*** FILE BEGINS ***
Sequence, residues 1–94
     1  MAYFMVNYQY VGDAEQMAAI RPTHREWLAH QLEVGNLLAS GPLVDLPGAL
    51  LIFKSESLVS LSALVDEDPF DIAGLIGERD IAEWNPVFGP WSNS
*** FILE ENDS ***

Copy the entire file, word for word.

Sequence, residues 1–94
     1  MAYFMVNYQY VGDAEQMAAI RPTHREWLAH QLEVGNLLAS GPLVDLPGAL
    51  LIFKSESLVS LSALVDEDPF DIAGLIGERD IAEWNPVFGP WSNS